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The IRS has released the draft of revised Form 4720 and its instructions, which colleges and universities will use to calculate and pay excise taxes on executive compensation and endowment investment income. The draft form includes instructions, but further implementation guidance on both areas is expected from the IRS.

Tax on $1 Million Executive Compensation

Draft 2018 Form 4720 has a new Schedule N for reporting and paying liabilities for the excise tax imposed on organizations that pay excessive compensation to covered employees. Section 4960 of the IRC, enacted in the Tax Cuts and Jobs Act (TCJA), imposes an excise tax equal to 21 percent of the sum of the compensation exceeding $1 million for the taxable year with respect to any covered employee and any excess parachute payment paid by the organization to any covered employee.

Form 4720 does not adequately address a key component of §4960: the pro-rata allocation of liability among related employers when remuneration from more than one employer is taken into account for purposes of determining the amount owed. For example, a university and its sports booster foundation might jointly pay a coach a salary of $1.5 million. Even if the university and foundation have agreed that the foundation will fully pay the 21 percent tax, both the school and the foundation are required to file the form and calculate and pay their proportionate share of tax on the $500,000 in excess remuneration.

Taking a joint and several liability approach, the form requires that each employer file Form 4720 and report proportionate tax on the covered employee’s total remuneration. In this entity-by-entity approach, there is no mechanism within Schedule N to indicate, for instance, that the foundation is paying all of the 21 percent tax so that the school is not liable for the payment and should be discharged from reporting obligations.

The instructions also do not recognize that related entities may have entered into an agreement to pay other than a pro-rata portion of their respective tax obligations under the statute. One purpose of such agreements is to relieve a party of the administrative burden of such reporting, and the IRS has perhaps unintentionally re-imposed this burden.

Until now, Form 4720 has been chiefly used to report excise taxes on private foundations. It may be unfamiliar to colleges and universities that now must use it to pay excise taxes on excessive executive compensation. (NACUBO explained this in comments filed with the IRS in April.)

Additionally, the lack of opportunity to describe how the related entities have allocated Section 4960 tax liabilities could be confusing to users of Form 4720. The specific instructions to Schedule N require taxpayers to attach a statement to Form 4720 indicating the name and EIN of related employers but do not require information on how tax liabilities have been allocated.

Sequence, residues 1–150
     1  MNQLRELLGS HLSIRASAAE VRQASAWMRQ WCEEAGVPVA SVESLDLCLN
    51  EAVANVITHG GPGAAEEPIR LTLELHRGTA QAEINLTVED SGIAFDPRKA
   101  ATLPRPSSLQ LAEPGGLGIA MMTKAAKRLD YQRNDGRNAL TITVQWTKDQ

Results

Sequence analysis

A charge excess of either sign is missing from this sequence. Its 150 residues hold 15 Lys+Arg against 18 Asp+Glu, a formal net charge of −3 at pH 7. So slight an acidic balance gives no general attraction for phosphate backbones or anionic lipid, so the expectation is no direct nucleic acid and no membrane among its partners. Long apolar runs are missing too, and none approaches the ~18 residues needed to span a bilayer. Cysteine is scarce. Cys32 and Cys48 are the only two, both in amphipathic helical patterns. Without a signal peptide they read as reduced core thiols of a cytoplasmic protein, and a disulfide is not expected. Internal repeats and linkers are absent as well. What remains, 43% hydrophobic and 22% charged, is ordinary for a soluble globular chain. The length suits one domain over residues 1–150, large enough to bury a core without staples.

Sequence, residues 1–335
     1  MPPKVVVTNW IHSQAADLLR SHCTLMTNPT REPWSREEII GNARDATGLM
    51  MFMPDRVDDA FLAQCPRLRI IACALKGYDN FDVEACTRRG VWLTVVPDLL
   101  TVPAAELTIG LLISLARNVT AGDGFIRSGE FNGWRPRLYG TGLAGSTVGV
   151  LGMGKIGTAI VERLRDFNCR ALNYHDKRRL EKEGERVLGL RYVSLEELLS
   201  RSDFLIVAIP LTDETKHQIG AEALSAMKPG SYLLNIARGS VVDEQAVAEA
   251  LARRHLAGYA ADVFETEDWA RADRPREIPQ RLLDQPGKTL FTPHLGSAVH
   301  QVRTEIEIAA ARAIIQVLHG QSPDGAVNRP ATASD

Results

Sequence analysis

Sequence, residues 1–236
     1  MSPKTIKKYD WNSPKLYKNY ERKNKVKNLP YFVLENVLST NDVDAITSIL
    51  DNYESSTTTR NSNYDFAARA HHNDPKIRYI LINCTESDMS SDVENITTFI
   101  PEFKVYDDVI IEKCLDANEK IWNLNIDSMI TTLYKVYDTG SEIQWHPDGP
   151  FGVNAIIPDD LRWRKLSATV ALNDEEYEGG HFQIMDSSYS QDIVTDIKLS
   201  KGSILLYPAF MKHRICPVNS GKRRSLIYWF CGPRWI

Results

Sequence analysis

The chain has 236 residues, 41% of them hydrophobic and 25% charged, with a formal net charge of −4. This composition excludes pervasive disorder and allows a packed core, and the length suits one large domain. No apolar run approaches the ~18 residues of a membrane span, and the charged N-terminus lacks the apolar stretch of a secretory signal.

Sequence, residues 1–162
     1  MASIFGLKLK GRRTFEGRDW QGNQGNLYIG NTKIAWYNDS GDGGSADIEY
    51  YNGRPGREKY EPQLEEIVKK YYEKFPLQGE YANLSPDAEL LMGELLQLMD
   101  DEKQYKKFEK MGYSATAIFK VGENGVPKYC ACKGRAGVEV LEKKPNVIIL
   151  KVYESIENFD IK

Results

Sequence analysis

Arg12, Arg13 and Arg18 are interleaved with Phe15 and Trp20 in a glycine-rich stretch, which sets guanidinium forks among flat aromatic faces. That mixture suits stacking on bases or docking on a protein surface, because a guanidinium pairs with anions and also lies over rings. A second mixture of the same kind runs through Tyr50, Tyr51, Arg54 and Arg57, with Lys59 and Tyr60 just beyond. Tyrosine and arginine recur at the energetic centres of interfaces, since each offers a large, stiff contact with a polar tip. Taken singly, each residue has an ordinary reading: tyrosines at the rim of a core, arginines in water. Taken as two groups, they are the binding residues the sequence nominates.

Excise Tax on Net Investment Income

Certain private colleges and universities will use Form 4720 to calculate the new 1.4 percent excise tax on their net investment income, enacted as part of the TCJA. The form must be filed for tax years beginning in 2018.

New Schedule O of Form 4720 provides line-by-line instructions on how to compute the endowment excise tax. The instructions reference and follow IRS Notice 2018-55, which provided preliminary guidance on definitions and the calculation of net investment income largely by reference to the private foundation net investment income tax rules.

The 2018 Form 990 provides the springboard for filing Form 4720. If an institution checks the “Yes” box to Part V, line 16, of the new draft 2018 Form 990 (that asks whether the organization is an educational institution subject to the excise tax on net investment income) it will be directed to complete Form 4720, Schedule O.

An institution is subject to the excise tax if it meets the following threshold tests:

(1) The institution has at least 500 tuition-paying students, based upon a daily average student count, during the preceding tax year;

(2) More than 50 percent of those students must have been located in the United States; and (3) At the end of the preceding tax year, the aggregate fair market value of the assets that are not used directly in carrying out the institution’s exempt purpose and are held by the institution and related organizations must be at least $500,000 per student.

The instructions to the draft 2018 Form 990 contain a worksheet (p. 19) with line-by-line instructions for organizations to use to determine whether they meet the threshold tests. To determine what assets are used directly in carrying out the college’s exempt purposes, the instructions to the Form 990 worksheet direct organizations to the private foundation rules regarding minimum distributions.

The draft Form 4720 instructions confirm that there is no requirement to make estimated tax payments for the college endowment excise tax, and thus Form 990-W does not apply to the new tax. While the form provides certain instructions, NACUBO anticipates that the IRS will issue further guidance related to compliance with the new tax.

Send Comments to the IRS

If implemented in its current form, draft Form 4720 could create administrative burdens for both taxpayers and the IRS. NACUBO encourages institutions to file comments on the form with the IRS. Comments may be submitted here.


Mary Bachinger

Director, Tax Policy



Liz Clark

Vice President, Policy and Research


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